The third and final source for cause of death is the Sample Registration System. Here good quality mortality surveillance is carried out in a small representative population. All identified deaths are noted by a trained worker using standard procedures to generate information which is reviewed by a doctor to arrive at a cause of death. This occurs in a small number of deaths (40,000-45,000) nationally per year. However, due to delays in the process, this information is available in the public domain only till 2013.
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Impact of the pandemic
In addition, COVID-19 has adversely impacted death registrations due to lockdowns, travel restrictions as well as social stigma resulting in people hiding these deaths. As COVID-19 moves to rural areas, these challenges are going to worsen. Also, as many of these systems are not yet fully electronic, there will be a delay in the availability of these data even after registration. Thus, it is quite likely that the data available with the ORGI for 2020 will need evaluation for its usefulness for estimation procedures, even if made public. I have always supported efforts to put publicly funded data in the public domain. Yet, I would caution against uncontrolled access in this case.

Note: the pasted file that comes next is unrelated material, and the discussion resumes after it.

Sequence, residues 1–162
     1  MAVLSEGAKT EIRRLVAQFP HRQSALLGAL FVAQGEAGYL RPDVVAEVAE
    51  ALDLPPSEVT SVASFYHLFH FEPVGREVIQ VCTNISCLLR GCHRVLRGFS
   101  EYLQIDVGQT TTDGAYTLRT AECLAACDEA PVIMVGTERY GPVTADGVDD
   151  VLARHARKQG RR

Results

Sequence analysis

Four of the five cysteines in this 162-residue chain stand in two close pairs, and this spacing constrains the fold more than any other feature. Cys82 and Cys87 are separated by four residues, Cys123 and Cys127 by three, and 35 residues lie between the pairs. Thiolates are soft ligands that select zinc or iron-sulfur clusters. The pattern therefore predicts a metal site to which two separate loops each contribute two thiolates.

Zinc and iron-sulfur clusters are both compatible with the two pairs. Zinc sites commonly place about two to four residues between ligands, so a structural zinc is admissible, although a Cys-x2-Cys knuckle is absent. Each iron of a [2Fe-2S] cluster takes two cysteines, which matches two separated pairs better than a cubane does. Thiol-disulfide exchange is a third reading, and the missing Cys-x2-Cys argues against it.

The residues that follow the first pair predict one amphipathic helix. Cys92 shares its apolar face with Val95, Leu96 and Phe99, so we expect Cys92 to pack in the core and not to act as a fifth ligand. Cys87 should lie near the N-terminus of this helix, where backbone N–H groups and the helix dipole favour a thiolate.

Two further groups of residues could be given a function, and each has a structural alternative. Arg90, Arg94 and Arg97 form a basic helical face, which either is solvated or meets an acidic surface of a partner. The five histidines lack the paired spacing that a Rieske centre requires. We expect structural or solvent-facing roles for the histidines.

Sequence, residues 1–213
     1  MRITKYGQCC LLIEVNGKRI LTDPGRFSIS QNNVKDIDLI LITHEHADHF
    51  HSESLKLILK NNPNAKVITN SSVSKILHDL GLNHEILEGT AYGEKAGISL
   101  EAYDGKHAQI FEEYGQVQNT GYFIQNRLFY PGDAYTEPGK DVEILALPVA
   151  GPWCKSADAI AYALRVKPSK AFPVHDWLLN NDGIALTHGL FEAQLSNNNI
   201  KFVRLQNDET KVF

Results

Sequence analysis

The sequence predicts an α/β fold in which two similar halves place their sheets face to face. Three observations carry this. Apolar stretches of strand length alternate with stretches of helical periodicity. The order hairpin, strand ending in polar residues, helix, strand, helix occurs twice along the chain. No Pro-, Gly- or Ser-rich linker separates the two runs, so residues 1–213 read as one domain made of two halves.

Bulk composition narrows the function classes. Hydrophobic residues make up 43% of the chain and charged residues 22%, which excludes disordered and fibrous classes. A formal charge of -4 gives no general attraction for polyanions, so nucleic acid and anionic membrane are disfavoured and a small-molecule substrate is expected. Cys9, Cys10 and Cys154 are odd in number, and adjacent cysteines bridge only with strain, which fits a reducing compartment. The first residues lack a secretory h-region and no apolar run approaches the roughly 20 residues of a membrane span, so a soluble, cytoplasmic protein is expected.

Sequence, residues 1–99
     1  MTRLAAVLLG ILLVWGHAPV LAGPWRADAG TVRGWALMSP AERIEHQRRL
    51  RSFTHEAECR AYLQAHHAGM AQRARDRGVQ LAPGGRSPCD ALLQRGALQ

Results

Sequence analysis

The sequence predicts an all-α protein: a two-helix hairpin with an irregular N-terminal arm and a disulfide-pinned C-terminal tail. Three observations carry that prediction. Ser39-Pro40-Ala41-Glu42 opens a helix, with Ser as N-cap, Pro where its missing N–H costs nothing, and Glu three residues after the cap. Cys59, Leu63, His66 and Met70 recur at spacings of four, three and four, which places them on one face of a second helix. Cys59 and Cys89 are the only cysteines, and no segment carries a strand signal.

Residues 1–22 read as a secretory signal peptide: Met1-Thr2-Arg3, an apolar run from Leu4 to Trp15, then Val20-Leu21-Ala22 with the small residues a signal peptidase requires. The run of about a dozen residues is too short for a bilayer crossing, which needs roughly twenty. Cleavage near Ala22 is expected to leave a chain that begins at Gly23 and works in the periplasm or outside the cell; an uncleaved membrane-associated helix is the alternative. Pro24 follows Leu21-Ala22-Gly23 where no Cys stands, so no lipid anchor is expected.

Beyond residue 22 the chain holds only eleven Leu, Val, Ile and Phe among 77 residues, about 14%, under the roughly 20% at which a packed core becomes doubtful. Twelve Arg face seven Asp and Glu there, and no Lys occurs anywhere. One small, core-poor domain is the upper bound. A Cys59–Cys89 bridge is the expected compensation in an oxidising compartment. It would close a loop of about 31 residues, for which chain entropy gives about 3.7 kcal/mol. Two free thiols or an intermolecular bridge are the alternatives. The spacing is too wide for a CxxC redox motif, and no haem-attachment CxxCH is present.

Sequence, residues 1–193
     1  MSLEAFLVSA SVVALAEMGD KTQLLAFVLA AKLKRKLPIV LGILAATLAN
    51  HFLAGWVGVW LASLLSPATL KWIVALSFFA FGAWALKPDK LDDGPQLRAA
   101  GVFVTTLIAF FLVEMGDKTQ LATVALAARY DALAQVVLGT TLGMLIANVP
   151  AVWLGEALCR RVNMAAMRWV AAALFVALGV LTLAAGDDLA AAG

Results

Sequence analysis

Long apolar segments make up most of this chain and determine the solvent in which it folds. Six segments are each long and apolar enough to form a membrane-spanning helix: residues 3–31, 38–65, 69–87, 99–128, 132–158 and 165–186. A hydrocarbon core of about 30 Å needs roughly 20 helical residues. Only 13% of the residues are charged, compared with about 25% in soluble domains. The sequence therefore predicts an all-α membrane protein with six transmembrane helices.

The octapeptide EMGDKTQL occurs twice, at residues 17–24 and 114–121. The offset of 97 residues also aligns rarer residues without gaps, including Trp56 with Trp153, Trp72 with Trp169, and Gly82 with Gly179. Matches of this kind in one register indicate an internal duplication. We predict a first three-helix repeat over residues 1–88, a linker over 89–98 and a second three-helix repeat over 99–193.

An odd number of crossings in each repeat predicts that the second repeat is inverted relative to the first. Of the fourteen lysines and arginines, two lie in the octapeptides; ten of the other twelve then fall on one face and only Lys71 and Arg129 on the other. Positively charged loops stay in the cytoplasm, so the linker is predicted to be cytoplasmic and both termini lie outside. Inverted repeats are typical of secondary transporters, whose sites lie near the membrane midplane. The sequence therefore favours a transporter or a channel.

Identifying COVID-19-specific mortality is a challenge across the globe. An approach of using reported death data would be applicable if all those who developed COVID-19 were tested and their deaths certified. However, there are serious limitations of test availability due to restrictive criteria for access and use, even for people with symptoms. Without testing of all suspected cases, healthcare providers have to rely on clinical features to label a death as being due to COVID-19. Our inability to differentiate these from other causes of death may result in misclassification. Without testing, it is going to be difficult for a doctor to differentiate between COVID-19 and, say, influenza. The second issue is related to defining indirect deaths caused by COVID-19. Due to societal and health system disruptions, the pandemic is likely to contribute to deaths from other causes — suicides, non-communicable diseases, tuberculosis. Also, think of a person who had a compromised heart which was worsened when she suffered a COVID-19 infection, precipitating a heart attack, which otherwise would not have occurred now. In a sense, this is also a death caused by COVID-19 as it initiated the final sequence of events leading to death. However, a doctor would certify this as a cardiac death as one cannot ever be sure that COVID-19 initiated the process. How do we include this in our estimate? All these factors will have to be considered when we estimate COVID-19-related deaths.